Recent outcry in the US against so-called chain migration was on my mind, as were the anti-Asian hate crimes that followed the racist labeling of the coronavirus as the “Chinese Virus” and “Kung Flu.” The latter hit me especially hard. In the smallest of small towns in America, the restaurant you find after the burger place and the pizza place is often the Chinese American place. Yet love of Chinese food didn’t protect actual Chinese bodies from violence. Xenophobia, I can comprehend on some abstract level. Xenophobia matched with a desire to consume products made by those very people you claim to despise–that’s a paradox I could spend a lifetime pondering.

8. In your acknowledgements you thank, among others the TV show Top Chef, and “especially winners Melissa King and Mei Lin, and host Padma Lakshmi.” What did these women specifically mean to you?

Top Chef was my entry point into the world of Western fine dining. As a poor college student, I’d sit in front of my laptop, eating my dining hall slop, imagining what those dishes might taste like. The narrative of food hooked me before the taste of food. My culinary education a la Top Chef armed me with the curiosity and confidence to eat more widely once I had the money.

My relationship with Top Chef changed as I developed my own opinions on what I was eating, and how it was valued. I began to chafe at the ways in which Top Chef often reflected the imperialist beliefs of the culinary world. For example, a challenge in which contestants must cook a classical French dish that is not explained. Chefs of color, and chefs from impoverished backgrounds, often struggled not because of a lack of ability, but because of a lack of access to an elevated Western European cuisine deemed canonical. Or chefs would be criticized for food that was too spicy–according to whose palate? As I acquired my own tastes, Top Chef became an interesting and instructive barometer.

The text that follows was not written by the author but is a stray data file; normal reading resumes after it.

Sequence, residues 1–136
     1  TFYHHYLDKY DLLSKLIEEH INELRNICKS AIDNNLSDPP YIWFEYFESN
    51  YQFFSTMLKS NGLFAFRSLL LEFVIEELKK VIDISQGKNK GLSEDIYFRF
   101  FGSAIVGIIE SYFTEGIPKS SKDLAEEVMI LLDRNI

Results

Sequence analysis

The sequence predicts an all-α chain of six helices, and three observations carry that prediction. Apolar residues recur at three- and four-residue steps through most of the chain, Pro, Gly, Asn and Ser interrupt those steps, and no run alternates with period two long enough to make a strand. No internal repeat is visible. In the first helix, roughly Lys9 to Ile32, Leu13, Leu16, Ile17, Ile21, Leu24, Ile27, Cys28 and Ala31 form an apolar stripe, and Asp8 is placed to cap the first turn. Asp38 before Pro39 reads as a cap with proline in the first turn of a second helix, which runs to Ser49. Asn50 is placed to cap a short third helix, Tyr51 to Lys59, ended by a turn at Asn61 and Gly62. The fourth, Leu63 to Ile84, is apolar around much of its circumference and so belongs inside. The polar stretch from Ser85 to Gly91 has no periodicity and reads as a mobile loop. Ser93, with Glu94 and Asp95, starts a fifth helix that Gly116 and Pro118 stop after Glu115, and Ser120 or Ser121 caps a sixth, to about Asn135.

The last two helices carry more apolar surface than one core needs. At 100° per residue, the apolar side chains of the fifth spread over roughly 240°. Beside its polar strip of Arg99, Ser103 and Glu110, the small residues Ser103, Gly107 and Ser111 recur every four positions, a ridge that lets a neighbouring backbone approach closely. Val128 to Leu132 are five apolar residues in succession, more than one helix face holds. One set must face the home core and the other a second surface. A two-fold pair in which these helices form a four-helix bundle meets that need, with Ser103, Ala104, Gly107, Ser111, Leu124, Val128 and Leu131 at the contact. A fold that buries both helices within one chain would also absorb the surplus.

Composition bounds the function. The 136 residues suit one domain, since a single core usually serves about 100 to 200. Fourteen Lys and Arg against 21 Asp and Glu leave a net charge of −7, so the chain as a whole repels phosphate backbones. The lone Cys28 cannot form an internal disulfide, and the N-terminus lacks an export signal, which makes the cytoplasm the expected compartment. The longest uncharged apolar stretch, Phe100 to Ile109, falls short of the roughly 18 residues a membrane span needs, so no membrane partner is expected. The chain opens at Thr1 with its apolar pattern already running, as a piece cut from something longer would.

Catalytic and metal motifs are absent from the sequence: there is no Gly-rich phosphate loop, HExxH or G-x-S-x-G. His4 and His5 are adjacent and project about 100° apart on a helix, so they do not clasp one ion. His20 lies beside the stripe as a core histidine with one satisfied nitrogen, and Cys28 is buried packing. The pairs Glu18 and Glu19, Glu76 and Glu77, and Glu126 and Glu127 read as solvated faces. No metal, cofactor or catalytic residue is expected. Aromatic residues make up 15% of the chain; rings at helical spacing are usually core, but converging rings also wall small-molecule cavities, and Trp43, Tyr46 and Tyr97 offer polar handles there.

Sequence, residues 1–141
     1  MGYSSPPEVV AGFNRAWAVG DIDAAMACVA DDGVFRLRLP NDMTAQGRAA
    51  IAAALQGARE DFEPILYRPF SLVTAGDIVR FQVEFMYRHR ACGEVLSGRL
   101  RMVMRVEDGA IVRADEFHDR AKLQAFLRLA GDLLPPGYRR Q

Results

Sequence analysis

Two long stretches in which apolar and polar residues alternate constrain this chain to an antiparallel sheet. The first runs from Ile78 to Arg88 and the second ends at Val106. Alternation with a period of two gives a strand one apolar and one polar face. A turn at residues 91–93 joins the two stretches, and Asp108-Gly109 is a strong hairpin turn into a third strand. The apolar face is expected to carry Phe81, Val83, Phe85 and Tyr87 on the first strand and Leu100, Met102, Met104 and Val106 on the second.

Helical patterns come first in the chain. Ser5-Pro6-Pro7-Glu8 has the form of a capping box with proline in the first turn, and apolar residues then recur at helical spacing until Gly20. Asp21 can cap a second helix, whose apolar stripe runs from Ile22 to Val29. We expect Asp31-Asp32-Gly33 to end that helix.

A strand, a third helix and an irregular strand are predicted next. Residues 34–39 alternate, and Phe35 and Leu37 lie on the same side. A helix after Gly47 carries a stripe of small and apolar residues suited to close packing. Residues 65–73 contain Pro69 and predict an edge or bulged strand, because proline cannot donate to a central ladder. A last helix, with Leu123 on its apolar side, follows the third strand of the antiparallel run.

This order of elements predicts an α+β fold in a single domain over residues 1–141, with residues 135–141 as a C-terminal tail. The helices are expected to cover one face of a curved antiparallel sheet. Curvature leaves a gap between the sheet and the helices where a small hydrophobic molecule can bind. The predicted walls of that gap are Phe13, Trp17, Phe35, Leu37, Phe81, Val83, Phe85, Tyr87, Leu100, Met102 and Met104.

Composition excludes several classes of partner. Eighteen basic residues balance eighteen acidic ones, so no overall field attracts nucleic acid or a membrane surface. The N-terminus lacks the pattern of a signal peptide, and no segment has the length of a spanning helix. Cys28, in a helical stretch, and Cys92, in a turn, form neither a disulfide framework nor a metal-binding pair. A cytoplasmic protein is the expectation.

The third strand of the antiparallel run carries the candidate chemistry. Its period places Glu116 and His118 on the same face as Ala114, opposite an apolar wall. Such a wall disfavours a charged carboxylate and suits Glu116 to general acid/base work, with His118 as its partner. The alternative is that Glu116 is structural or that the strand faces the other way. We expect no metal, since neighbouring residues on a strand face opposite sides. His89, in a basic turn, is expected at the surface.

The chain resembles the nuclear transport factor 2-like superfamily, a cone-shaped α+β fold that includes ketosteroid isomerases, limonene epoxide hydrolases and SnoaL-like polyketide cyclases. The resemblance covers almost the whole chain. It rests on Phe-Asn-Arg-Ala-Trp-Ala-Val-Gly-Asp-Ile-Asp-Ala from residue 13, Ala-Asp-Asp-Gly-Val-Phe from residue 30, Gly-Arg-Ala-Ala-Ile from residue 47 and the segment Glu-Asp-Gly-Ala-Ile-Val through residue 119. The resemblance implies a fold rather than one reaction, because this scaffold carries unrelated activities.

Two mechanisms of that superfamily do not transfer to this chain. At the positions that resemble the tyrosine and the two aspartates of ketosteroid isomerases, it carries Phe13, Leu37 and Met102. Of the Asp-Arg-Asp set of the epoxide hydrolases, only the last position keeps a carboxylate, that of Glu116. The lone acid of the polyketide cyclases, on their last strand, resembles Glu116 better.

It’s been wonderful to watch Top Chef change along with the culinary conversation. The show is more global in its outlook, and, frankly, much more interesting–which I credit, in part, to people like Padma Lakshmi, Mei Lin, and Melissa King. I will forever be a fan, and still dream about hosting a Quickfire challenge one day–but I’d get a kick out of having the contestants cook with, like, fermented fish and Spam.

“Like language, food is essential and theoretically accessible to almost anyone. The real question is which culinary voices are permitted, celebrated, amplified, valued.

9. Who are some of your favorite food writers?

M. F. K. Fisher, Helen Rosner, Ligaya Mishan, Soleil Ho, Ruth Reichl. In fiction, Banana Yoshimoto, Sarah Thankam Mathews, Stephanie Danler, Bryan Washington, and Brian Jacques can turn out an exquisite food scene.

The seed of this book may lie in Frances of Bread and Jam for Frances, who weeps over the ennui of getting exactly what she wants, only to want it no longer.

10. How do you see food as a form of expression as it relates to free expression?

Like language, food is essential and theoretically accessible to almost anyone. The real question is which culinary voices are permitted, celebrated, amplified, valued.

Born in Beijing, C Pam Zhang is mostly an artifact of the United States. She is the author of How Much of These Hills Is Gold, winner of the Academy of Arts and Letters Rosenthal Award and the Asian/Pacific Award for Literature; nominated for the Booker Prize; and a finalist for the PEN/Hemingway Award and a Lambda Literary Award. Zhang’s writing appears in Best American Short Stories, The Cut, McSweeney’s Quarterly, The New Yorker, and The New York Times. She is a National Book Foundation 5 Under 35 Honoree.